2. Various vehicles for sale inside dealership showroom
Washington DC – 2 August 2018
3. White House Press Secretary Sarah Sanders at briefing
4. SOUNDBITE (English) Sarah Sanders, White House Press Secretary:
"What the EPA (Environmental Protection Agency) released yesterday was a notice of proposed rule-making, not a final rule. The notice lays out a series of options for how to go forward with CAFE (Corporate Average Fuel Economy) standards. And the notice asks for comments on the range of options. We're simply opening it up for a comment period and we'll make a final decision at the end of that."
Los Angeles – 2 August 2018
5. California Attorney General Xavier Becerra listens to reporter's question at press conference at UCLA campus
6. SOUNDBITE (English) Xavier Becerra, California Attorney General:
"We intend to stand firm and protect the existing clean car standards that our nation has in place. And California will protect its waiver to continue to lead the fight to have cleaner air and cleaner-burning vehicles."
Oakland, California – 2 August 2018
7. Scientist Don Anair looking at Trump fuel efficiency proposal on laptop
8. Laptop screen shows fuel efficiency proposal
9. SOUNDBITE (English) Don Anair, Deputy Director of Clean Vehicles Program at Union of Concerned Scientists:
"Today the Trump administration proposed rolling back the most effective climate policy on the books of the United States. Essentially they decided to freeze fuel economy and emissions standards at 2020 levels, which will be bad for consumers, bad for oil and energy security, and bad for the environment."
10. Union of Concerned Scientists sign
11. SOUNDBITE (English) Don Anair, Deputy Director of Clean Vehicles Program at Union of Concerned Scientists:
"And what the Trump administration proposed today was essentially revoking the ability for California and these other states to set their own standards and to protect public health and the environment of their states."
12. Anair working on laptop in conference room
13. SOUNDBITE (English) Don Anair, Deputy Director of Clean Vehicles Program at Union of Concerned Scientists:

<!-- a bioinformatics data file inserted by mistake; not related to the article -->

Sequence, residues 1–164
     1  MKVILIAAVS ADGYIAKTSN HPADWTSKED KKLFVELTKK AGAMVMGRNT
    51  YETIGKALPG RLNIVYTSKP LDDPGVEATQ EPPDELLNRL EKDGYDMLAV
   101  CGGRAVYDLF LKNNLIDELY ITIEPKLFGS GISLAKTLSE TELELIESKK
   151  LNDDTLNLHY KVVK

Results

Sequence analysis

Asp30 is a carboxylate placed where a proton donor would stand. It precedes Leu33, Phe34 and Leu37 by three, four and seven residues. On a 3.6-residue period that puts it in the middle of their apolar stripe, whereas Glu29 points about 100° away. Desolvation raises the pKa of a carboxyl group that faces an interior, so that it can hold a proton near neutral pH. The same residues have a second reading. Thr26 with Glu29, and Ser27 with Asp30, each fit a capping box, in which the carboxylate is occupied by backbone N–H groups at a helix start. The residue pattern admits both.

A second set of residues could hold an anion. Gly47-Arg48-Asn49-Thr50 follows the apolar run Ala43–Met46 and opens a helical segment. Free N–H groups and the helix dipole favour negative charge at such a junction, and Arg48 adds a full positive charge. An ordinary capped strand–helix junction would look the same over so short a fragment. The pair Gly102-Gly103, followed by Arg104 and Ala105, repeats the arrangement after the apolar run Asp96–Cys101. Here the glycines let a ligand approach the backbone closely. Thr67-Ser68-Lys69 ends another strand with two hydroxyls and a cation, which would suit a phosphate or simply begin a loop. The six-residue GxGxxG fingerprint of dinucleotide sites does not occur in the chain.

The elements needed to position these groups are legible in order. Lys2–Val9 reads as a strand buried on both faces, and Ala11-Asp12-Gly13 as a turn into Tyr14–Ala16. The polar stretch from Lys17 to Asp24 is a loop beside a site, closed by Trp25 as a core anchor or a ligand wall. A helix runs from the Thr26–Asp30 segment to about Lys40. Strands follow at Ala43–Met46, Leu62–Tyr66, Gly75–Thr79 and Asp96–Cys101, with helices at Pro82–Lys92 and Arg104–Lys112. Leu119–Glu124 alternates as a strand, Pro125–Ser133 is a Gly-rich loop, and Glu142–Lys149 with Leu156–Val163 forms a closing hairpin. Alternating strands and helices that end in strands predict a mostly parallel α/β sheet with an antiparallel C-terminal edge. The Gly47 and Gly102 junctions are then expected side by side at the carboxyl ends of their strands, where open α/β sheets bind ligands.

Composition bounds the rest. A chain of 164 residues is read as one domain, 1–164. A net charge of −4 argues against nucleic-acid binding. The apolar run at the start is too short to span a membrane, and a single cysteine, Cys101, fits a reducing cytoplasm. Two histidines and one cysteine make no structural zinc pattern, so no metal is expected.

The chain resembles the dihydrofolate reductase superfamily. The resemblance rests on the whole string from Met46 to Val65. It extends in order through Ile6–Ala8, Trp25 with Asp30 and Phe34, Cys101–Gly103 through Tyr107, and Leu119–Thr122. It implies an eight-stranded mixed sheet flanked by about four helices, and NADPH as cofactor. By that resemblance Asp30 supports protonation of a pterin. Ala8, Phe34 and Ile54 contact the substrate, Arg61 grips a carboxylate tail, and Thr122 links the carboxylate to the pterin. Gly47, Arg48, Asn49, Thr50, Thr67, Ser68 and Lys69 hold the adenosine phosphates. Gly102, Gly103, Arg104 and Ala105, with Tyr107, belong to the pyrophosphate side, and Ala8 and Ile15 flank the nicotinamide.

"So transportation, our vehicles, are one of the biggest problems to overcome to address climate change. And these standards is the number one tool that we have to do that."
14. Various of Toyota used car dealership in Oakland
Citing safety, the Trump administration on Thursday proposed rolling back car-mileage standards, backing away from years of government efforts to cut Americans' trips to the gas station and reduce unhealthy, climate-changing tailpipe emissions.
If the proposed rule becomes final, it could roil the auto industry as it prepares for new model years and weaken one of the federal government's chief weapons against climate change — regulating emissions from cars and other vehicles.
The result, opponents say, will be dirtier air and more pollution-related illness and death.
The proposal itself estimates it could cost tens of thousands of jobs — auto workers who deal with making vehicles more fuel efficient.
The administration also said it wants to revoke an authority granted to California under the half-century-old Clean Air Act to set its own, tougher mileage standards.
California and 16 other states already have filed suit to block any change in the fuel efficiency rules.
The proposal would freeze US mileage standards at levels mandated by the Obama administration for 2020, when the new vehicle fleet will be required to hit an average of 30 miles per gallon in real-world driving.
The proposed change, halting further improvement requirements, stakes its case on consumer choice and on highway safety claims challenged by many transportation experts.
The administration says waiving requirements for greater fuel efficiency would make cars and light trucks somewhat more affordable.
And that, it said, would get vehicles with the latest technology into the hands of consumers more quickly.
California is one of 16 states suing to block any changes proposed.